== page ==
4.6. Isolation of Residual AFB1 from Cereal Grain after Enzymatic Decontamination

Upon completion of the incubation process, the flasks were supplemented with acetonitrile up to a final concentration of 80%. The grain was extracted for 1 h at room temperature and intensive shaking (100 rpm). Aliquots of the filtered acetonitrile extract equivalent to 5 g of grain were evaporated using a rotary evaporator up to the aqueous phase, which was further supplemented with a saturated NaCl solution up to the total volume of 20 mL. After the pH adjustment to 3.0, the solution was added to the equal volume of water-saturated hexane followed by the aqueous phase separation via extraction with dichloromethane. The final AFB1-containing extract was passed through a layer of anhydrous Na2SO4 and dried on a rotary evaporator. The residue was dissolved in a minimal volume of a mobile phase consisting of 0.3% H3PO4 and acetonitrile (1:1), filtered through a membrane with the pore size of 0.45 μm, and analyzed by means of reverse-phase HPLC. If necessary, the final extract was additionally purified prior to evaporation in a Silica Gel 60 column (0.063–0.2 mm, Merck, Darmstadt, Germany).

4.7. AFB1 Quantification in Buffer Solutions and AFO-Exposed Grain

The content of residual AFB1 in model buffer solutions and grain extracts was measured via HPLC using a Waters 1525 Breeze chromatograph (Waters Corp., Milford, MA, USA). An aliquot (10 µL) of each tested sample was applied in a Symmetry C18 temperature-controlled (27 °C) column (5 µm, 150 × 4.6 mm, Waters Corp., Milford, MA, USA). AFB1 was eluted with a 0.3% H3PO4:acetonitrile (1:1) mix and detected at 362 nm using a Waters 2487 UV detector (Waters Corp., Milford, MA, USA). The aforementioned commercial AFB1 was used as a reference sample (Figure S2, Supplementary Materials). The AFB1 content was calculated using a calibration curve plotted for the reference sample in the zone of a linear dependence of a peak area on the AFB1 amount. All samples were analyzed in triplicate. AFB1 reduction in contaminated samples was expressed as a percentage of the control (inoculated grain, which was not exposed to AFO). The toxin recovery level determined in experiments with the addition of reference AFB1 to the non-inoculated grain samples prior to their extraction reached 77 (wheat) and 75% (corn). The limit of detection for the grain extract was 0.005 µg/mL. All measurements were carried out in at least three analytical replicates.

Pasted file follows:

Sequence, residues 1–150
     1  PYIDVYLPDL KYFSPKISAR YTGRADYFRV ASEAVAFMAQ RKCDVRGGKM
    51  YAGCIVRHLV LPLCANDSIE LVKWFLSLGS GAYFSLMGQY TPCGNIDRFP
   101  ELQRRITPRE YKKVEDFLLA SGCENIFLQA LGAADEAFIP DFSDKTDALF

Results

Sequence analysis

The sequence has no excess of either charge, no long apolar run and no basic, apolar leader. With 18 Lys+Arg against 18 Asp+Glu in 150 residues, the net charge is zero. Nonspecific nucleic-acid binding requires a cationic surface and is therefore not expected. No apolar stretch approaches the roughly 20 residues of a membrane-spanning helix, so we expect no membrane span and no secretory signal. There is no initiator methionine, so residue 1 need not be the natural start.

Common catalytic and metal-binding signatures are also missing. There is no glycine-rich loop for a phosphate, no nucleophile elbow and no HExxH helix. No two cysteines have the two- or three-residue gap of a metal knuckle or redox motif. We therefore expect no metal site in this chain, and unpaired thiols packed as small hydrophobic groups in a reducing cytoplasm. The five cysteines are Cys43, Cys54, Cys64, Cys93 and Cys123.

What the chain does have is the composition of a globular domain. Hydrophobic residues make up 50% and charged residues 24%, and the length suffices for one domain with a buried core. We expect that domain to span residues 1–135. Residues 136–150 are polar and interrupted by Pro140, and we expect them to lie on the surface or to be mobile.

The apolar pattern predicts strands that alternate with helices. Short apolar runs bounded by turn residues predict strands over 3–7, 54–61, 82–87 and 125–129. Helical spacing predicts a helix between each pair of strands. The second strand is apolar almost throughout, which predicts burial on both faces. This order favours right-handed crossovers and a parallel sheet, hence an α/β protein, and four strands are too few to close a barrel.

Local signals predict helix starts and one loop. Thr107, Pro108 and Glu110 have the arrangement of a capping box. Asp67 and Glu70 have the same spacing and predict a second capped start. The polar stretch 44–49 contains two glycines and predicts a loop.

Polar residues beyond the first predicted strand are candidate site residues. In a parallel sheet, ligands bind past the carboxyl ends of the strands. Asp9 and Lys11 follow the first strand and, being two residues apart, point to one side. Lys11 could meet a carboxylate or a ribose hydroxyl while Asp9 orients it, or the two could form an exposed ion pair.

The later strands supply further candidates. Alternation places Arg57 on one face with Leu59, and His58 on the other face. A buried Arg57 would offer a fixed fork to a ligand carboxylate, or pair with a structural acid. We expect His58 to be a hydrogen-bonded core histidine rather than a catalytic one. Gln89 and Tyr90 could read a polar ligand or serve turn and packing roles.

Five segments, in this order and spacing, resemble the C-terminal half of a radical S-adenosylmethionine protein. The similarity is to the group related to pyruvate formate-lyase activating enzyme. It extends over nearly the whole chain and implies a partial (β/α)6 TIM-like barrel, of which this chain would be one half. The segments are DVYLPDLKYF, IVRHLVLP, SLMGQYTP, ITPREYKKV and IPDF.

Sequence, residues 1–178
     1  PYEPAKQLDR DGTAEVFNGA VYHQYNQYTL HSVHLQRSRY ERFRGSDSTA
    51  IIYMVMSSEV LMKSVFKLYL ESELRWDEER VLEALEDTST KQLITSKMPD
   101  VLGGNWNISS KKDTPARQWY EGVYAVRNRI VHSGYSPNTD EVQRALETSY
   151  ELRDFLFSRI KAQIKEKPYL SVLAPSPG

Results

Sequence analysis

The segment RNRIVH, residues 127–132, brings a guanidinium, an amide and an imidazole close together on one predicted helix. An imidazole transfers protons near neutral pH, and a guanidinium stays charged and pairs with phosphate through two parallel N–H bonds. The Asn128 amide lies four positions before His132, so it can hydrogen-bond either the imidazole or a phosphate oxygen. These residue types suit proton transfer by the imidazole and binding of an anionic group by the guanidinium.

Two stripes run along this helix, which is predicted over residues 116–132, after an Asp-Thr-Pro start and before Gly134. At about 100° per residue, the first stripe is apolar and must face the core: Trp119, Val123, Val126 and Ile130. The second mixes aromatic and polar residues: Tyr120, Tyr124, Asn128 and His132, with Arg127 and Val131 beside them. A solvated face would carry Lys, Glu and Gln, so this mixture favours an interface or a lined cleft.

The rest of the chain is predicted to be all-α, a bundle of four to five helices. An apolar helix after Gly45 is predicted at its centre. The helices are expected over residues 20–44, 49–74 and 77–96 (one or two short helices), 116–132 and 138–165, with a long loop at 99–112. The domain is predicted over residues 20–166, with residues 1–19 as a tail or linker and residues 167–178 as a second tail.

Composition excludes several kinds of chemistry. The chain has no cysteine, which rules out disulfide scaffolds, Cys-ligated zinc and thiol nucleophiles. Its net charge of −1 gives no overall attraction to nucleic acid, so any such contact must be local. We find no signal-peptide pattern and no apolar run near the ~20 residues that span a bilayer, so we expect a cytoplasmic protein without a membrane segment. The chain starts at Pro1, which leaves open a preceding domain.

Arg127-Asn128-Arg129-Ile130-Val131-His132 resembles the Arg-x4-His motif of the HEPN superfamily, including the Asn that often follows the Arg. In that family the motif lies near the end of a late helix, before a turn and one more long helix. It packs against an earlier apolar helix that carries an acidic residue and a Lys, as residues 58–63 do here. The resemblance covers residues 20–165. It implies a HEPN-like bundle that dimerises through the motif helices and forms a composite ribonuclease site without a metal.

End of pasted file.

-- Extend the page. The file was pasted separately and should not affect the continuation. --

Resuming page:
4.8. Statistical Treatment

To confirm the significance of difference between the mean values of treated and control variants as well as between means of variants involving enzymatic treatments, the t-test for independent variables was used (STATISTICA v. 6.1 software package; StatSoft Inc., Tulsa, OK, USA). The difference was considered to be significant at p ≤ 0.05.

Supplementary Materials

The following supporting information can be downloaded at:, Figure S1: Map of the pPIGa-1-AFO plasmid; Figure S2: Chromatograms illustrating the reduction in the AFB1 content in extracts of wheat (a1,a2) and corn (b1,b2) grain inoculated with a toxigenic A. flavus (a,b) resulting from 24 h (a1,b1) and 48 h (a2,b2) grain exposure to recombinant AFO at pH 6.0 and 30 °C. Chromatograms (c,d) show the results of HPLC-analyses of extracts from non-inoculated wheat and corn grain, respectively, as well as commercial AFB1 standard (e) under the same conditions.

Author Contributions

Conceptualization, L.S., A.R. and I.Z.; methodology, I.S., Y.D., O.M. and L.S.; software, N.S.; investigation, I.S., O.M., Y.D. and T.N.; writing—original draft preparation, L.S., I.S. and Y.D.; writing—review and editing, L.S., A.R., N.S. and I.Z.; visualization, I.S. All authors have read and agreed to the published version of the manuscript.


This research was funded by the Russian Science Foundation, project number 22-16-00153.

Institutional Review Board Statement

Not applicable.

Informed Consent Statement

Not applicable.

Data Availability Statement

Data are contained within the article and supplementary materials.

Conflicts of Interest

The authors declare no conflict of interest.


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Figure 1. SDS-PAGE electrophoregram of a 72 kDa recombinant AFO (1) purified from the cultural liquid of P. pastoris GS115 by means of immobilized metal affinity chromatography. M, molecular weight marker.